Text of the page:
Because vitamin D deficiency may be common in older patients, a study investigated the use of vitamin D supplementation in elderly patients with seasonal affective disorder (Dumville et al., 2006). Participants were women 70 and older recruited in primary care practices in England. They were randomized to receive calcium and vitamin D supplementation (n = 912) or no supplementation (n = 1205). After 6 months, there was no significant difference in outcome between the two groups.

More recently, Shipowick, Moore, Corbett, and Bindler (2009) reported the results of a small pilot study of vitamin D supplementation on depressive symptoms in women during the winter. Nine female participants were recruited from a medical clinic where they were identified as having vitamin D deficiency. They were treated openly with vitamin D3 5,000 IU per day, and depressive symptoms were assessed using the BDI. Six women completed the study, and they showed a significant improvement in their BDI scores after 8 weeks.

Safety and Toxicity of Vitamin D

Safety and toxicity studies of vitamin D (for all types of uses, not just depression) have suggested that daily dosages of less than 4,000 IU are relatively safe. Potential consequences of vitamin D toxicity include hypercalcemia, kidney stones, and soft tissue and vascular calcification. Clinical symptoms of hypercalcemia include nausea, vomiting, increased thirst, and depression.

Conclusion

Although there are plausible reasons for investigating vitamin D in depressive disorders, current evidence does not definitively demonstrate that vitamin D deficiency is a cause of or risk for developing depression or that vitamin D is an effective therapy for depression. Cross-sectional studies cannot establish causality, and the methodology of the studies investigating the association between vitamin D status and depressive symptoms or depression diagnosis have been criticized. The quality of the treatment studies are such that the effectiveness of vitamin D for depression cannot be adequately assessed. Because patients may have questions about the use of vitamin D and many are likely to be taking vitamin D supplements, nurses should be familiar with the studies of vitamin D and depression (Penckofer, Kouba, Byrn, & Estwing Ferrans, 2010).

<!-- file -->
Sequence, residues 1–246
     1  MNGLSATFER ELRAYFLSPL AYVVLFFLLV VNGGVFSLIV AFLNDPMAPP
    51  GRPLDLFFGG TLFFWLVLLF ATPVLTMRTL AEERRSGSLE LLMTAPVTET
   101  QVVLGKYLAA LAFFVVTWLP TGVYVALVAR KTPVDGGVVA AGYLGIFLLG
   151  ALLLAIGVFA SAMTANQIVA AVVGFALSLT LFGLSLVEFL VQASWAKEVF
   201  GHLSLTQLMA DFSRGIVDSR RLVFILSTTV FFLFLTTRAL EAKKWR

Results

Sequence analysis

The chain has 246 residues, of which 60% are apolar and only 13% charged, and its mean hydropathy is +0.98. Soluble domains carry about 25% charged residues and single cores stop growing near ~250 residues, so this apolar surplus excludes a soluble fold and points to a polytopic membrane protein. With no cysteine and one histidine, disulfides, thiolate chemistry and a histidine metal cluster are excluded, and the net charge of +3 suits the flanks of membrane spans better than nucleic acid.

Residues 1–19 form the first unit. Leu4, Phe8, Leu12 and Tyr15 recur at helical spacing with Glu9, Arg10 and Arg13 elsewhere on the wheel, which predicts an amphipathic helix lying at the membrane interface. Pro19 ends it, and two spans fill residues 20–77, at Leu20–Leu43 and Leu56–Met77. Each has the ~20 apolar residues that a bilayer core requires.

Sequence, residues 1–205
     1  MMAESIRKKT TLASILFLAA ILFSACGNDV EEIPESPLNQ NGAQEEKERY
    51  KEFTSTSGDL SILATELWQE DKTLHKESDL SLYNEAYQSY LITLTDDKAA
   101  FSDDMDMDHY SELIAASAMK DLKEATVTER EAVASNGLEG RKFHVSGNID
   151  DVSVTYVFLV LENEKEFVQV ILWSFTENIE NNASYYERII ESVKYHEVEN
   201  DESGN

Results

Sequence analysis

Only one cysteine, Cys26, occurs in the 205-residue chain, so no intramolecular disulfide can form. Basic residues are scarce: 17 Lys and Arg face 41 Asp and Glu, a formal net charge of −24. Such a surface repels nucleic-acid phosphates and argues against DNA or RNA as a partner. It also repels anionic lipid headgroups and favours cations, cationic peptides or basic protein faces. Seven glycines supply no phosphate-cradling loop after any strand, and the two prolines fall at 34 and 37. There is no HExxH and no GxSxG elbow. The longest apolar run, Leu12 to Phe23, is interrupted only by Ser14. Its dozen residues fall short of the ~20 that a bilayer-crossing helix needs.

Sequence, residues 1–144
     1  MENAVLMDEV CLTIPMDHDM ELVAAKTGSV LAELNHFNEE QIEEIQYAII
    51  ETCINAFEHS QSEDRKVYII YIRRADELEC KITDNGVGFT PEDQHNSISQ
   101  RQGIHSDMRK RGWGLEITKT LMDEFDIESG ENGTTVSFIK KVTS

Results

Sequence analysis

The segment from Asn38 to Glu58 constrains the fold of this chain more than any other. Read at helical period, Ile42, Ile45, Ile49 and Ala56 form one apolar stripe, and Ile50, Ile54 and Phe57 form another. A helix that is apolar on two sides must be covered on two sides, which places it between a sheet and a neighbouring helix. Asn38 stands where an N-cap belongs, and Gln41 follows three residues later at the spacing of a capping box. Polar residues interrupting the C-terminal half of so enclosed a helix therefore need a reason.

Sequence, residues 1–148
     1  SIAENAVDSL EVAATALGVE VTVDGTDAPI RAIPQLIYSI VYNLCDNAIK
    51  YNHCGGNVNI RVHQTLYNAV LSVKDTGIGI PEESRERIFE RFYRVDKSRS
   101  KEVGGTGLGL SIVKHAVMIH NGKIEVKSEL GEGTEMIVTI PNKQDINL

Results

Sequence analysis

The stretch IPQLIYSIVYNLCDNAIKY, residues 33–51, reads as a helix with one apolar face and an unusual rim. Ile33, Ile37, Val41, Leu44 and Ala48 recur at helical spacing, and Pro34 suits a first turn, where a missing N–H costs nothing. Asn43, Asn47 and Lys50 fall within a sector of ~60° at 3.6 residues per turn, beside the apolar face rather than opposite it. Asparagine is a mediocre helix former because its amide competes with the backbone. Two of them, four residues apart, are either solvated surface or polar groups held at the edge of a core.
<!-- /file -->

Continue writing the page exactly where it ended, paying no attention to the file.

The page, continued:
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Authors

Dr. Howland is Associate Professor of Psychiatry, University of Pittsburgh School of Medicine, Western Psychiatric Institute and Clinic, Pittsburgh, Pennsylvania.

The author discloses that he has no significant financial interests in any product or class of products discussed directly or indirectly in this activity, including research support.

Address correspondence to Robert H. Howland, MD, Associate Professor of Psychiatry, University of Pittsburgh School of Medicine, Western Psychiatric Institute and Clinic, 3811 O’Hara Street, Pittsburgh, PA 15213; e-mail: .HowlandRH@upmc.edu

10.3928/02793695-20110111-02